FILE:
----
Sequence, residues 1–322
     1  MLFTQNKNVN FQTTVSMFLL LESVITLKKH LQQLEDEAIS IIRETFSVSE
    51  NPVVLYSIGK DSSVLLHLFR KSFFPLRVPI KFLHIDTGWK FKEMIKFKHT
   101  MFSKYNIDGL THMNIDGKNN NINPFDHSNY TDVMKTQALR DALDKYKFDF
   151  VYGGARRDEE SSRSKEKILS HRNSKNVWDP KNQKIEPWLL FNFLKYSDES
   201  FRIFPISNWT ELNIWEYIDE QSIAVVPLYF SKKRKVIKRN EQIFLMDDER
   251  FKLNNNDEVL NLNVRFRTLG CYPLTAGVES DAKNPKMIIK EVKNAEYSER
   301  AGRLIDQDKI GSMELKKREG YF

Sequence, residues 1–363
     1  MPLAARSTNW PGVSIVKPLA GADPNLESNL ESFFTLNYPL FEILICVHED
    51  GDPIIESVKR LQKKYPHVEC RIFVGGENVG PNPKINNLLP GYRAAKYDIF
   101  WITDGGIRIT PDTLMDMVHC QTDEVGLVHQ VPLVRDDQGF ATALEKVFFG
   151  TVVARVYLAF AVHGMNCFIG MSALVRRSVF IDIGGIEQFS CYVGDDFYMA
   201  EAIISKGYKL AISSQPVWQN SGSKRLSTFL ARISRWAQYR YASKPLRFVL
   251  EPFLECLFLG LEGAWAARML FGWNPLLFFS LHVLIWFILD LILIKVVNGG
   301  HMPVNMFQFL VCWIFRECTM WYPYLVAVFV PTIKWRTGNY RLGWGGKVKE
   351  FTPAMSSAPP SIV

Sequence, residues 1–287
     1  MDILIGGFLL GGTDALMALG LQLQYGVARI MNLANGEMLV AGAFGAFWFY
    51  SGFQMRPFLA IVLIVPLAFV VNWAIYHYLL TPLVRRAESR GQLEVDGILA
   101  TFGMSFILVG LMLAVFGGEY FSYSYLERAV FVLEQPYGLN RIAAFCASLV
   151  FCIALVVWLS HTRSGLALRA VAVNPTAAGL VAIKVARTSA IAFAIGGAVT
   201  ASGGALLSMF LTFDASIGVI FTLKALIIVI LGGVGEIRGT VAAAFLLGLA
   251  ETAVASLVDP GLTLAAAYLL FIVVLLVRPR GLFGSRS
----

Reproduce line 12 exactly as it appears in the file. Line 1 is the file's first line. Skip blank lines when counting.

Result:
   101  WITDGGIRIT PDTLMDMVHC QTDEVGLVHQ VPLVRDDQGF ATALEKVFFG